lecture 4(3) - Lecture 4: The mod function Daniel Frances c...

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Unformatted text preview: Lecture 4: The mod function Daniel Frances c 2012 Contents 1 Introduction 2 2 Centrality of mod arithmetic to Internet computations 2 2.1 Modular Addition . . . . . . . . . . . . . . . . . . . . . . . . . . . . . . . . . 3 2.2 Modular Subtraction . . . . . . . . . . . . . . . . . . . . . . . . . . . . . . . 5 2.3 Modular Multiplication . . . . . . . . . . . . . . . . . . . . . . . . . . . . . . 5 2.4 Modular Division . . . . . . . . . . . . . . . . . . . . . . . . . . . . . . . . . 6 2.5 Modular Exponentiation . . . . . . . . . . . . . . . . . . . . . . . . . . . . . 6 1 1 Introduction It turns out that the entire issue of polynomial versus exponential algorithms is fundamental to Encryption over the Internet. In the early days of the Internet, it was realized that to support commercial transactions over the Internet, governments needed to ensure that there were secure means for encrypting information. It used to be the case that encryption algorithms were shrouded in the highest level of secrecy. If your enemy knew your encryption algorithm then he would know how to decode it. Developers of encryption algorithms worked for top secret organizations, and their algorithms would never see the light of day. Then the approach changed, encryption algorithms became widely known. In fact currently used encryption algorithms were the winners of international contests among largely univer- sity academics, to see who could develop the most secure algorithms. The way these algorithms manage their secrecy, is to use a secret key . The key is simply a number. The key becomes somehow known to the intended reader of the message, but remains secret to the intruder. The algorithms are so good that without the key it is physically impossible to decipher the message. The way this is done is by ensuring that the algorithms to encode with the key are really fast, but the algorithms to decode with the key...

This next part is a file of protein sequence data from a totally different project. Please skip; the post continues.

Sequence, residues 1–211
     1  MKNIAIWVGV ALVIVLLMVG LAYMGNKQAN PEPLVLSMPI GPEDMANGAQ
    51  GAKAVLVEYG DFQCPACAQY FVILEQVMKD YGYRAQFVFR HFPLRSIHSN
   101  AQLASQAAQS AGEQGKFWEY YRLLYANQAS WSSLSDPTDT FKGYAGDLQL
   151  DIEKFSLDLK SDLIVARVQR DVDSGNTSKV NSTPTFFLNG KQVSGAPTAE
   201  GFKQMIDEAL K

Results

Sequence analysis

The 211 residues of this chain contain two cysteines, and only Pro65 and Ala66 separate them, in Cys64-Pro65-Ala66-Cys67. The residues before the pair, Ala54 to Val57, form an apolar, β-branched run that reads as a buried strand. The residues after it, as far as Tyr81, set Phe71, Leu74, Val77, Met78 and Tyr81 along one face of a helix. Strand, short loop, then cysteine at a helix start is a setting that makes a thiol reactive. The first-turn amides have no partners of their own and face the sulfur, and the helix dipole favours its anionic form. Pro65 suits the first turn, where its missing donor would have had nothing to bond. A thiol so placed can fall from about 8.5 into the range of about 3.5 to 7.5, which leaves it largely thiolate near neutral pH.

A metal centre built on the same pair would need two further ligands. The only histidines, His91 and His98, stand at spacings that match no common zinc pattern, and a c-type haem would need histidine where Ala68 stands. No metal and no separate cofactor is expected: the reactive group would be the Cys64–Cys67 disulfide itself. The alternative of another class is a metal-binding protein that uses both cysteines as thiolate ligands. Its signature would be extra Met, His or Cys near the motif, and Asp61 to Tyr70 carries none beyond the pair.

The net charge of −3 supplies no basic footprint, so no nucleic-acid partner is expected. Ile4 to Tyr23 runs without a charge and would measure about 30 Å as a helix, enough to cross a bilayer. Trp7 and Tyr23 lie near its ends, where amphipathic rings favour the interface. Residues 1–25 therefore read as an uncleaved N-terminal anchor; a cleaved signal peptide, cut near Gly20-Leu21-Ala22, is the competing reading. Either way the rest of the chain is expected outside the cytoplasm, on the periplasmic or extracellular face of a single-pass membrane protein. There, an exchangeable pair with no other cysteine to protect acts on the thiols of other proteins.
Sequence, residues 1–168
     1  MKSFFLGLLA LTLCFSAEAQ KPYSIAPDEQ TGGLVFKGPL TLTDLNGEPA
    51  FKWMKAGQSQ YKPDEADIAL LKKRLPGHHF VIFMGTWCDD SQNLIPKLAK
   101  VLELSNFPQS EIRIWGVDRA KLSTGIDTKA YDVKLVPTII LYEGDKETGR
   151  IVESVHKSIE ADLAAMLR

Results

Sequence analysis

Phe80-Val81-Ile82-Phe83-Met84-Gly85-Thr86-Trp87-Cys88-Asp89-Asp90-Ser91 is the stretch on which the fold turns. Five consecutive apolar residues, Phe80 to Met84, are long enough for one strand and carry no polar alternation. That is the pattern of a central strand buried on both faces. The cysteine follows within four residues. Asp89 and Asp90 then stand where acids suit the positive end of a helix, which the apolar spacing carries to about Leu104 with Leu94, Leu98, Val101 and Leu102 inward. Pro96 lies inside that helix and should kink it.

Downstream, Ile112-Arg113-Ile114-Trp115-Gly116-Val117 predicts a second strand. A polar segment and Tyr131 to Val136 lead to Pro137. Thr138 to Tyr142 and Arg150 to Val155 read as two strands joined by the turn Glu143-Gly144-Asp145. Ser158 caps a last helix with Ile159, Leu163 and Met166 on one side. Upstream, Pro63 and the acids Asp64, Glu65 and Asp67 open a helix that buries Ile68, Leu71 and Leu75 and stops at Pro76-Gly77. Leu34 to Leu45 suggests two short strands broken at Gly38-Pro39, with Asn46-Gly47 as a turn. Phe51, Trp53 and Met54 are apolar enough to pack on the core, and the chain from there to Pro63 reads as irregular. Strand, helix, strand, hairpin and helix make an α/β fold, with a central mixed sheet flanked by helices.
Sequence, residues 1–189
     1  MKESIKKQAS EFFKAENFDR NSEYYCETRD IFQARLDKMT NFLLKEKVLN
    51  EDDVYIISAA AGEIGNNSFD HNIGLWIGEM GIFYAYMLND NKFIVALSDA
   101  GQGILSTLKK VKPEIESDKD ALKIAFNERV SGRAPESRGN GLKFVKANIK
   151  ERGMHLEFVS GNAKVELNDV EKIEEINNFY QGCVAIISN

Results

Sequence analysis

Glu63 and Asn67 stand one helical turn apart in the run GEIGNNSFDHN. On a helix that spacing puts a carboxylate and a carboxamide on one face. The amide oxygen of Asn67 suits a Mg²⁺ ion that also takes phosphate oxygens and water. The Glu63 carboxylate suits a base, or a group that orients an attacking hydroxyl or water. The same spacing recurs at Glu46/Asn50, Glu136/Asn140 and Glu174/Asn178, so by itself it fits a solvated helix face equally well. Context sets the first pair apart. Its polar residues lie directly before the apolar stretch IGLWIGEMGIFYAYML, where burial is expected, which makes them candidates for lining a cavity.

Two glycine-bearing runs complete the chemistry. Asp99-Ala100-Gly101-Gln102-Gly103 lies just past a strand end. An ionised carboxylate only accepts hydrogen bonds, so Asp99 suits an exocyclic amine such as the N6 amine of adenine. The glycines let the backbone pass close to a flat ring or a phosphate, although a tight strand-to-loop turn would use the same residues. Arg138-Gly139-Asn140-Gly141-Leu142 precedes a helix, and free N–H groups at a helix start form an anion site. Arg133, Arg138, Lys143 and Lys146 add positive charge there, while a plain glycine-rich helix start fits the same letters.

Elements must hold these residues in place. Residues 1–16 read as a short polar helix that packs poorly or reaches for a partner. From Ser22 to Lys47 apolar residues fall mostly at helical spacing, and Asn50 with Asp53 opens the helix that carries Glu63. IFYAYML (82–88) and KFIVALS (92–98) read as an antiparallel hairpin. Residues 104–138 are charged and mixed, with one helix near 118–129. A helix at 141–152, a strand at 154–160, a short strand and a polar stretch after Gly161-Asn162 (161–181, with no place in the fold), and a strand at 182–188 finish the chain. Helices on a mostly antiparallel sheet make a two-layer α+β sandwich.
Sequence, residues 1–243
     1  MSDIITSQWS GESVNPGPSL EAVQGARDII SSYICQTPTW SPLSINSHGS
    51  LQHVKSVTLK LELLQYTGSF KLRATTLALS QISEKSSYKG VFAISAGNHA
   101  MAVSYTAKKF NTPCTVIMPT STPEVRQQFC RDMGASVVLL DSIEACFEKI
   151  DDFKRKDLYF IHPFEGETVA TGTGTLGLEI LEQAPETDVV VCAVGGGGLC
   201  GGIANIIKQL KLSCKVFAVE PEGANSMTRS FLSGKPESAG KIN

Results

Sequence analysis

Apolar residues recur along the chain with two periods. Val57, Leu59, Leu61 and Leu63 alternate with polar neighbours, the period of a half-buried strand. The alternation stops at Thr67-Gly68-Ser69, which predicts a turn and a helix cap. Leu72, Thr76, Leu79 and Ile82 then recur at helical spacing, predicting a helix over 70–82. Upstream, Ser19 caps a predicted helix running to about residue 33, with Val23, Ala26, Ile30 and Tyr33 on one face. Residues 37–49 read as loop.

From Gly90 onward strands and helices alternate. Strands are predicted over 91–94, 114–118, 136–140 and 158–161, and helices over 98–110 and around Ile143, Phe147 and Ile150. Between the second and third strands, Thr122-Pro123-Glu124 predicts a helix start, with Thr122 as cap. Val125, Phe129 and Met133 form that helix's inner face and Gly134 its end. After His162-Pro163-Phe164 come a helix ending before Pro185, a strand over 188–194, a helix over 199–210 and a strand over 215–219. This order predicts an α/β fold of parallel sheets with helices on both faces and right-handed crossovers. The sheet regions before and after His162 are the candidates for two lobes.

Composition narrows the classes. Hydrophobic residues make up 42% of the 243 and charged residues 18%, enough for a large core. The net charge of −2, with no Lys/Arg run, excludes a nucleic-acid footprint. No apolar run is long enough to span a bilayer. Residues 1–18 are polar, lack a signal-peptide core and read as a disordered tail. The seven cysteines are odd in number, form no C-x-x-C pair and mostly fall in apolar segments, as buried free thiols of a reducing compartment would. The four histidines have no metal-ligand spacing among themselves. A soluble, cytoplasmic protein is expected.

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This note was uploaded on 03/31/2012 for the course MIE 335 taught by Professor Frances during the Spring '12 term at University of Toronto- Toronto.

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lecture 4(3) - Lecture 4: The mod function Daniel Frances c...

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